Surgical robots powered by artificial intelligence are bringing new innovations and accuracy to the operating room, however US and UK parents were not keen.
- Millennial parents in Asia are significantly more likely to allow robots powered by AI to conduct surgery on their Generation Alpha child — even more so in 2019 as compared to 2018 (China: 94% in 2019 vs. 82% in 2018; India: 86% in 2019 vs. 78% in 2018), while in 2019, 51% in the U.K. (a six percent increase over 2018) and 46 percent of Millennial parents in the U.S. (a 1% increase from 2018), say they would be very likely.
- In Brazil, 69% of Millennial parents in 2019 say they would be very likely to allow robots powered by AI conduct surgery as compared to 60% in 2018.
- However, 25 percent of Millennial parents in the U.S. and 21 percent in the U.K. say they would be “not likely at all” to allow this surgery on their child.
Self-driving school buses – stress relief for some parents, not others
Juggling work and transporting kids to school on time can be stressful for both parents and children. Autonomous technologies are being deployed in self-driving buses piloted around the world, but millennial parents are divided on how likely they would be to allow their child to take such transportation to school to minimize their stress, even if tested as safe and staffed by a caretaker robot.
A majority of American millennial parents (58%) and U.K. parents (51%) say they are not very likely to allow their child to take a self-driving bus to school while a clear majority of parents in China (91%), India (87%) and Brazil (67%) say they are very likely to allow their child to take such a self-driving bus to school to minimise their stress.
Rare genetic diseases in a snapshot
Machine learning is helping clinicians diagnose rare diseases by analysing patient photos and correlating detected irregularities with rare genetic diseases. Millennial parents concerned about their child are universally comfortable using this technology to seek answers, though those in Asia are the most comfortable.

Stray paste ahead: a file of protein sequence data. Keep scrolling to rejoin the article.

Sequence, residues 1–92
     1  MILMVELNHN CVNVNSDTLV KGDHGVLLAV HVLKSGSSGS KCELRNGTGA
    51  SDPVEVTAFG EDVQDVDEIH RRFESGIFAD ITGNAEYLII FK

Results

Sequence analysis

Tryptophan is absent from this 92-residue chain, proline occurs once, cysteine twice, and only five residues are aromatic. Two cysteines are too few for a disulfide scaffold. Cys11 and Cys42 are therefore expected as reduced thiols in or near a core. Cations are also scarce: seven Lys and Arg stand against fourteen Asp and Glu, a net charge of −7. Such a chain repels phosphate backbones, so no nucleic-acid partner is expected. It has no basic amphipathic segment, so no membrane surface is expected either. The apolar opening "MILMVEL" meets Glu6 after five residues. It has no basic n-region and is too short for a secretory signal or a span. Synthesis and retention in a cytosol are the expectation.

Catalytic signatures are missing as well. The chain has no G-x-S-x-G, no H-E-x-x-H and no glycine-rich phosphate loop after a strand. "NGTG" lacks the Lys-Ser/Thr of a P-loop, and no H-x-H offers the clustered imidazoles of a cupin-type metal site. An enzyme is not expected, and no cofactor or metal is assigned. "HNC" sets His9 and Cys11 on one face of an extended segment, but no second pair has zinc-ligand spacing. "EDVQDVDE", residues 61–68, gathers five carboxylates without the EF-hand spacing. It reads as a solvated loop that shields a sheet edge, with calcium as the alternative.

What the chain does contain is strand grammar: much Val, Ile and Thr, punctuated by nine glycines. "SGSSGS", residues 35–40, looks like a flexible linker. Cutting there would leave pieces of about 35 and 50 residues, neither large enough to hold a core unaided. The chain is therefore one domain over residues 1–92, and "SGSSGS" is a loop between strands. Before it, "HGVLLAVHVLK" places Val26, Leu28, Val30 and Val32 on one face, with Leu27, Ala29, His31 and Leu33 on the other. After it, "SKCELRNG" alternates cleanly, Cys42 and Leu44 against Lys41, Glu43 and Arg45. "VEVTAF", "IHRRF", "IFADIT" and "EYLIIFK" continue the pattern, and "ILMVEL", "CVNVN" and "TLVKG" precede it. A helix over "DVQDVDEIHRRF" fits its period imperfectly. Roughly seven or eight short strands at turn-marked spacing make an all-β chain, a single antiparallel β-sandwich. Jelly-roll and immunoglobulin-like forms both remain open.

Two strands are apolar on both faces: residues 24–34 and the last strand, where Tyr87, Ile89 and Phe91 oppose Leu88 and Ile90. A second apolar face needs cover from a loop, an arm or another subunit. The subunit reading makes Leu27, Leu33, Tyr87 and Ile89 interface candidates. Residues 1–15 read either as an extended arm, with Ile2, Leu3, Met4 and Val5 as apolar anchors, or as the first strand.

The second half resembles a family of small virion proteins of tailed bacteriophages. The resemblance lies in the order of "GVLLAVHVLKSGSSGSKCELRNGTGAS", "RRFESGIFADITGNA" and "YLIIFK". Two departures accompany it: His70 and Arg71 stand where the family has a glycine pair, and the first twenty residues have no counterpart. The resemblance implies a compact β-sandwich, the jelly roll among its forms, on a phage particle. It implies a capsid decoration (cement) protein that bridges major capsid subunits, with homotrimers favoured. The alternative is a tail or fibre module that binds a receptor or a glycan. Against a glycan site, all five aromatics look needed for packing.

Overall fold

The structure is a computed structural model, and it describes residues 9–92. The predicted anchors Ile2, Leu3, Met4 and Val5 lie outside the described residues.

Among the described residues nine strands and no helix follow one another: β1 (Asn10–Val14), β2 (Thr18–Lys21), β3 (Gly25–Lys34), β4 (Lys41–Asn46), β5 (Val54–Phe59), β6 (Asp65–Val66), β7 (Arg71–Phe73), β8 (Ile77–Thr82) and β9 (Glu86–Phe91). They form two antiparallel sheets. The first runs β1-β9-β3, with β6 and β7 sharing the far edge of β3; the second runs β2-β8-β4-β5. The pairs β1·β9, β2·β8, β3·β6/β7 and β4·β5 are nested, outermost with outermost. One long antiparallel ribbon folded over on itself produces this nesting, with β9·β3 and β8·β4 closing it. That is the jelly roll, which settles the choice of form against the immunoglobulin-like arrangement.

- Millennial parents from Asia (India: 90%; China: 89%) say they would be very comfortable using this technology for diagnosing their child.
- More than three-quarters of Brazilian millennial parents (78%) say they would be very comfortable using this technology to diagnose their child, while 57% of millennial parents in the U.S. as well as the U.K. say the same.
Favourite recliner chairs could have health smarts too
AI and sensor technologies are powering a growing number of “smart” devices, from voice-enabled speakers to refrigerators with interior cameras that can monitor if milk is running low. In the future, smart furniture may be embedded with sensors that measure biometrics such as weight, blood pressure and heart rate. Universally, millennial parents would be very interested (U.S.: 63%; U.K.: 66%; Brazil: 86%; China: 92%; India: 94%) in having a smart chair in their home that could automatically conduct health tests.
AI accelerating as care preference during golden years (instead of relying on kids)